Recently, the High People’s courts in both Shanghai Municipality and Jiangsu Province issued their respective interpretations regarding employment issues, which are employer-friendly to some extent.
We single out certain issues that concern employers mostly.
1. Default of written employment contract
You may have come to know that if an employer fails to enter into a written employment contract within the first month from establishment of labor relationship, the employer will have to pay two times the salaries received by the employee during the period of default of such written contract (other than the first month) till the default period reaches one year. According to Opinions on Several Issues regarding Application of the Labor Contract Law issued by Shanghai High People’s Court on March 31, 2009 (“Shanghai Opinions”), upon deciding whether an employer needs to pay two times the already received salaries, courts should “take into consideration whether the employer has consulted with the employee in a bona fide manner and whether the employee has refused to enter into the employment contract and other circumstances; in case that the employer has faithfully and honestly consulted with the employee and the employment contract was not concluded because of Force Majeure, un-anticipated circumstances or refusal to sign by the employee, the employee shall not be entitled to double salaries during the default period. Refusal to sign the contract shall be deemed that the employee unilaterally terminates the labor relationship.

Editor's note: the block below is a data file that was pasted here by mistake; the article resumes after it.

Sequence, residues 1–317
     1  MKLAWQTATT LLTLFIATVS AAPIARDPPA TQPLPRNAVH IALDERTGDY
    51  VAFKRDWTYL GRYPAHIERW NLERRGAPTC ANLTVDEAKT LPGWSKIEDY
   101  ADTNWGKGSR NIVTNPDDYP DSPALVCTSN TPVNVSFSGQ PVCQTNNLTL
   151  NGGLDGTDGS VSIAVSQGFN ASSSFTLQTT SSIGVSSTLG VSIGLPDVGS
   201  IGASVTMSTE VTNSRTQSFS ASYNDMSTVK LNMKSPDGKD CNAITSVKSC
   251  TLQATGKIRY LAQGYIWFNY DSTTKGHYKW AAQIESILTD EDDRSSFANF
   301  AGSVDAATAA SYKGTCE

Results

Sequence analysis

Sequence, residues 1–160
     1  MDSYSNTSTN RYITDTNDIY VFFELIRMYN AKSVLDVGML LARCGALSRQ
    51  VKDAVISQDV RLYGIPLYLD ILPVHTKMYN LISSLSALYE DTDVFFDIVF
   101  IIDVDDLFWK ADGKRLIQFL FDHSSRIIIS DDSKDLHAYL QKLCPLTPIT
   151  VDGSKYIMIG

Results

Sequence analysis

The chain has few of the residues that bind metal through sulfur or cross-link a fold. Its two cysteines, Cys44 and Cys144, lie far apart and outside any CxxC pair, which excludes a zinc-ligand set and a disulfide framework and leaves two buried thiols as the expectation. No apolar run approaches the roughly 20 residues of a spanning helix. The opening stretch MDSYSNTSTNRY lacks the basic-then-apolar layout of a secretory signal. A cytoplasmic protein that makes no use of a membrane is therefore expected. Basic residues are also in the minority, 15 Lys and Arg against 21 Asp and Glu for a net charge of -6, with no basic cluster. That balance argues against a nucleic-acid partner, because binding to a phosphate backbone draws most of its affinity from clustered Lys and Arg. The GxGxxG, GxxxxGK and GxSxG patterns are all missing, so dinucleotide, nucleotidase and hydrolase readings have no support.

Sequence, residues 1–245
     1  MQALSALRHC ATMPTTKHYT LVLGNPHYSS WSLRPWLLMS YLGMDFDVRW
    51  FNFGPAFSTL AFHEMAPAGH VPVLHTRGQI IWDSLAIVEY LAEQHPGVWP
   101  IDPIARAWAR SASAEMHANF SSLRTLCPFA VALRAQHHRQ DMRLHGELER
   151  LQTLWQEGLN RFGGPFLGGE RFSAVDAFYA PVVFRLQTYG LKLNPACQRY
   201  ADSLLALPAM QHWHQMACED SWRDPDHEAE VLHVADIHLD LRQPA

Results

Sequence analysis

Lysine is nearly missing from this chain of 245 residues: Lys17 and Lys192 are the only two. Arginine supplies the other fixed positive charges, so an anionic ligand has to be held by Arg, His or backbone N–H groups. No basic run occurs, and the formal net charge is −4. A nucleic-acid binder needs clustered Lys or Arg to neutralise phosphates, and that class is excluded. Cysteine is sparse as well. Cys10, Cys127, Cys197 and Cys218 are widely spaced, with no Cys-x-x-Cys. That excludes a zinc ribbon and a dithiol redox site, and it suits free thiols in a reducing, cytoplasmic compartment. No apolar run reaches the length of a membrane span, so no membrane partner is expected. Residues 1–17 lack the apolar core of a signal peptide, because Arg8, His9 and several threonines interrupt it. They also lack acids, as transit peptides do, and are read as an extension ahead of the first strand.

2. Form of amendment to the employment contract
According to Article 35 of the PRC Labor Contract Law, the employer and employee may amend the employment contract upon mutual agreement in a written instrument, one copy of which shall be held by each of the employer and employee. However, as per the Shanghai Opinions, such written instruments include but not limited to salary statement, notice of change of job/positions. It appears that such interpretation has run against the national law and regulations.